• In mid-December, the US and China announced that they had reached a trade agreement. Specifically, they agreed on a Phase One deal (of a total of three phases), which should resolve the trade war in which the two powers have been embroiled since early 2018.
• Despite the shortage of technical and legal details, the assessment of the agreement is positive. In particular, this is because it reduces trade uncertainty in the short term.
Firstly, the US did not proceed with the tariff hike that was due to come into force on 15 December 2019 and which would have affected some 160 billion dollars of Chinese imports (mainly consumer goods). It also proceeded to lower the tariffs imposed in September 2019 (from 15% to 7.5%) on around 120 billion of imports from China (see first chart for the current tariffs and trade flows).
Secondly, China has committed to substantially increasing its purchases of US goods and services, which in 2018 amounted to 120 billion dollars. Specifically, it will increase its purchases by 200 billion dollars in the next two years (much of which will be purchases of agricultural products).1
Thirdly, the agreement covers issues relating to intellectual property rights and technology transfers, matters on which US companies operating on Chinese soil are subject to pressure. The inclusion of these topics, which are so important yet so delicate, was not initially envisaged in this first round.2 While we do not expect this to immediately resolve the multiple demands in this field, their mere inclusion was very well received by the financial markets, especially in the prices of technology stocks, the sector most affected by this part of the conflict. This is well illustrated in the second chart, which shows how the markets reacted more to the publication of such details than they did to the initial announcement of the agreement.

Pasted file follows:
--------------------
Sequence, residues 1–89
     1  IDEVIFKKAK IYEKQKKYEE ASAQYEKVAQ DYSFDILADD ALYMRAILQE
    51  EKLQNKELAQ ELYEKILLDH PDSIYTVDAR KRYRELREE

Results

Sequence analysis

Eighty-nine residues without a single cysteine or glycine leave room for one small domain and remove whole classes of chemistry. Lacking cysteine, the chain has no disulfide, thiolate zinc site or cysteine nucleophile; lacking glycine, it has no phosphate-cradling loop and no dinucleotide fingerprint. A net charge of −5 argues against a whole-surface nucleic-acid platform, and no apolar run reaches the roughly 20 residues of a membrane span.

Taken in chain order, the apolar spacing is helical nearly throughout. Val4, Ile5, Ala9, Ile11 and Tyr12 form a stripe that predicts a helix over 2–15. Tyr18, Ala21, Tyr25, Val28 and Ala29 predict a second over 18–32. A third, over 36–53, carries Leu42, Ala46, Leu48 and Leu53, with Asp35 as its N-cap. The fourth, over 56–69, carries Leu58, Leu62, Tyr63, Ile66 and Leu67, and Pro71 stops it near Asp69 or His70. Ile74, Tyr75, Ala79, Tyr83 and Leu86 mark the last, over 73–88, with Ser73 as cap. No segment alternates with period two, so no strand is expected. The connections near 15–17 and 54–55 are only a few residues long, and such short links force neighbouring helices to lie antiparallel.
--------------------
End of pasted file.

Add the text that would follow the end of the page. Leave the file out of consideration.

Fourthly, China has undertaken to reduce the current barriers faced by US companies in the agricultural and financial sectors. In the latter case, for instance, limitations exist on foreign capital invested in Chinese financial companies and there are regulatory requirements that discriminate against foreign companies.
Finally, the agreement includes a chapter that sets out currency practices that are to be avoided (such as competitive devaluations) and the need for a high degree of transparency in the setting of exchange rates.
After agreeing on this First Phase, during 2020 the US and China will continue negotiations to reach trade agreements on Phases Two and Three. This could lead to the gradual roll-back of the tariffs currently in force, although it should be borne in mind that the issues to be addressed in the following phases (such as the opening up of Chinese markets and delving deeper into aspects relating to intellectual property and technology) are extremely demanding.
Such agreements would have a positive impact on global economic activity due to the reduction of protectionist measures (direct channel) and, above all, the reduction of uncertainty (indirect channel).3 In fact, the decrease in uncertainty and its positive impact on economic confidence would be the main driver of the improvement in global economic activity, just as it was the main culprit behind its deterioration during 2019. In any case, the recovery of confidence will be a very gradual process: investors have already seen on previous occasions how this conflict appeared to be back on track, only to escalate once again.
1. The additional 200 billion dollars refer to the levels of purchases registered in 2017, which totalled 128 billion dollars according to data from the US Census Bureau, compared to the 120 billion dollars in 2018.
2. See «The US and China: escalation of the trade conflict» in the MR05/2018 for more details on the triggers of the escalation in trade tensions between the two countries.
3. See «The threat of protectionism in the global economy» in the MR07/2019 to understand the ways in which the impact is transmitted through the direct and indirect channels.